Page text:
Every year, dozens of Canadians are killed by carbon monoxide poisoning in their own homes. According to the Ontario Association of Fire Chiefs (OAFC), hundreds more are hospitalized from injuries caused by carbon monoxide poisoning, often with life changing, permanent effects.
Carbon monoxide is odourless, tasteless and invisible, and according to the OAFC, 88 per cent of homes in Canada have something that poses a carbon monoxide risk.
So how does this silent killer work? When carbon monoxide is absorbed through inhalation it immediately begins depleting your body’s oxygen cells. Carbon monoxide is absorbed faster than oxygen by red blood cells. As it replaces the oxygen in your blood, it starves cells and vital organs of their required oxygen. In some cases, death can occur in minutes.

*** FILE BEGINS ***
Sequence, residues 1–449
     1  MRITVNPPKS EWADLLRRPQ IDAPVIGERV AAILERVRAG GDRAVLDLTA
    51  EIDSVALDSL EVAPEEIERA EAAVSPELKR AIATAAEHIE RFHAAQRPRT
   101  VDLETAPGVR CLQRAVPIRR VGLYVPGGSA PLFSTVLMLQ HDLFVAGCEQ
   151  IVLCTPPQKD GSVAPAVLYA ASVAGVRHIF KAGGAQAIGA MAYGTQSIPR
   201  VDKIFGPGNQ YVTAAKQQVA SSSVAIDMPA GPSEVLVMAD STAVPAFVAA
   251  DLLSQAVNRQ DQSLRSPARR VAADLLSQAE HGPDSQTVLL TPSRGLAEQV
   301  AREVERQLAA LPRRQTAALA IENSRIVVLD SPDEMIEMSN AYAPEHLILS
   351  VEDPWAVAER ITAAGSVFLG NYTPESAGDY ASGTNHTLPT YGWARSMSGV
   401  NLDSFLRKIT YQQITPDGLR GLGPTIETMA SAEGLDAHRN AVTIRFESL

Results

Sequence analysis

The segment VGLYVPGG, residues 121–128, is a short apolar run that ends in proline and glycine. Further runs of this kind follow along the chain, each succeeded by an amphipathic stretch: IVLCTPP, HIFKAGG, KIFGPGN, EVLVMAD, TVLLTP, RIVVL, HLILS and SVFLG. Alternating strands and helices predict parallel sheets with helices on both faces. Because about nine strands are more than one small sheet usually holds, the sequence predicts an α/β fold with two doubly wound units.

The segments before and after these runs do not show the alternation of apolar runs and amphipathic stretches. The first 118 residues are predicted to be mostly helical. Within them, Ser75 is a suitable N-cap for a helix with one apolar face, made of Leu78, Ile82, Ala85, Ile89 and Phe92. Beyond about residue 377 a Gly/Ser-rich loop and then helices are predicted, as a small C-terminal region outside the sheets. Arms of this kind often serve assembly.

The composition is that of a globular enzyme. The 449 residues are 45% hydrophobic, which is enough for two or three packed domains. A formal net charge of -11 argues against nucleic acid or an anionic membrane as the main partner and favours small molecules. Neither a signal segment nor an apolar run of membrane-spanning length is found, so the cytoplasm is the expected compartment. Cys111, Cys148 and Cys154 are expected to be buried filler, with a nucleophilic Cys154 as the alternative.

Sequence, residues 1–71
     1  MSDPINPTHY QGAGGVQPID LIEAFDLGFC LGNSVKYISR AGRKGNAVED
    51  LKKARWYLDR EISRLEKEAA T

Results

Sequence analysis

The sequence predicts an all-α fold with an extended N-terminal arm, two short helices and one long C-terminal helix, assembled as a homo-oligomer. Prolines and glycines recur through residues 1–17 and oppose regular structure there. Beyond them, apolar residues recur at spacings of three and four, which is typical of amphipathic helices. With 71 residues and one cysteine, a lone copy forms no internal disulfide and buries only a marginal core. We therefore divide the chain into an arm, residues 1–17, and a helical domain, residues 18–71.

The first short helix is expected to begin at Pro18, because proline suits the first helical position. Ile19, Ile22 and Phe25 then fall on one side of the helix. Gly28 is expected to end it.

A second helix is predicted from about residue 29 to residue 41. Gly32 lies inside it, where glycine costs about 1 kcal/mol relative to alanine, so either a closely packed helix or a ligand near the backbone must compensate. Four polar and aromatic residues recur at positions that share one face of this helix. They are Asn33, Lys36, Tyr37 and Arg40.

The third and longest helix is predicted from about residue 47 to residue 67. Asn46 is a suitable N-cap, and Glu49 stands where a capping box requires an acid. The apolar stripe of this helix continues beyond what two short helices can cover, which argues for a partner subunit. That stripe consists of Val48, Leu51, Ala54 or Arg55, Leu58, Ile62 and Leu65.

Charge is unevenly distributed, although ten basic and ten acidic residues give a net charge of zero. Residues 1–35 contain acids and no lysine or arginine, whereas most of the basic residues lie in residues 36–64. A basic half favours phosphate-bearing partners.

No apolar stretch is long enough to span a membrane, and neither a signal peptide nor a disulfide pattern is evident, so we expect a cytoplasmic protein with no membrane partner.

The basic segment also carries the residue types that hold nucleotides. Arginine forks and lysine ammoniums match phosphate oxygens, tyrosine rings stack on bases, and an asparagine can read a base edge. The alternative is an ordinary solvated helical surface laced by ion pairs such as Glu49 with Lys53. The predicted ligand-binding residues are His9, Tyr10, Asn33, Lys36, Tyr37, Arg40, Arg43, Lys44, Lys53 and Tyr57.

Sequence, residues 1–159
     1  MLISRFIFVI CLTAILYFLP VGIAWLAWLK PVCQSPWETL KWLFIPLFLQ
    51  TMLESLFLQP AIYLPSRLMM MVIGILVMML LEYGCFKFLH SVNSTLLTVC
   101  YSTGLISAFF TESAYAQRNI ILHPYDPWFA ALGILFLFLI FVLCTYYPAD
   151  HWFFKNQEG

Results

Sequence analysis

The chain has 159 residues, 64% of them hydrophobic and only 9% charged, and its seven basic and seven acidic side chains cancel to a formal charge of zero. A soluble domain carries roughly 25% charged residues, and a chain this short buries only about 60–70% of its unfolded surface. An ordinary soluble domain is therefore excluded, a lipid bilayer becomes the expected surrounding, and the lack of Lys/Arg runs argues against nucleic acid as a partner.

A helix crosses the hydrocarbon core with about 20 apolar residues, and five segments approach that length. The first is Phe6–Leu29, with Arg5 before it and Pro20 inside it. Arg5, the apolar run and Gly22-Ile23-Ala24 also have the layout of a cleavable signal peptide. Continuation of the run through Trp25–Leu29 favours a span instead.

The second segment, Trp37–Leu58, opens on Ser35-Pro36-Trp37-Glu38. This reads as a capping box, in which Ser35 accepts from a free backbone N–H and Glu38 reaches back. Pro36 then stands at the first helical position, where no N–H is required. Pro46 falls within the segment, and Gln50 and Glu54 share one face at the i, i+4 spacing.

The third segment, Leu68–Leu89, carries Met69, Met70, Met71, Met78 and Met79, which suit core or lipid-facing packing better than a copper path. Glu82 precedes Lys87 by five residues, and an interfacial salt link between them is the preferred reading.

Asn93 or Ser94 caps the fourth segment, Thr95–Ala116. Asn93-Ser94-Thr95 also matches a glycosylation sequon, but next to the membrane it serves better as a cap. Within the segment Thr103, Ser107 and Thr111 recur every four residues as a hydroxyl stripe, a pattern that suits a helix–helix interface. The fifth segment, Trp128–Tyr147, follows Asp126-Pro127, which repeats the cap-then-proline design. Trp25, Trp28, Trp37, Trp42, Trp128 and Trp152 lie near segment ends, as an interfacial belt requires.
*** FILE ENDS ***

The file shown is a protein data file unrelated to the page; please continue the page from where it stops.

The most common symptoms of carbon monoxide poisoning are headache, dizziness, nausea, vomiting, weakness, chest pain and confusion, though many fall unconscious before they can remove themselves from the affected area or call for help.
If you’re wondering how carbon monoxide enters your home, you may be surprised by some of the sources. It is found in fumes of automobiles, small gasoline engines, stoves, lanterns, burning charcoal and wood, fireplaces, gas ranges and heating systems. Danger can occur when there is a problem with ventilation, creating a buildup in an enclosed or semi-enclosed space.
Your best defense against carbon monoxide poisoning is to have all heating systems, water heaters and gas, coal or oil burning appliances serviced yearly by qualified technicians. Install battery operated detectors (at knee level) and check them on a bi-yearly schedule. Keeping chimneys free of nests, leaves and debris will ensure proper ventilation and will prevent carbon monoxide buildup. Always use items that create carbon monoxide with care. Never use these items indoors, in garages or near windows. Never leave a vehicle running in your garage.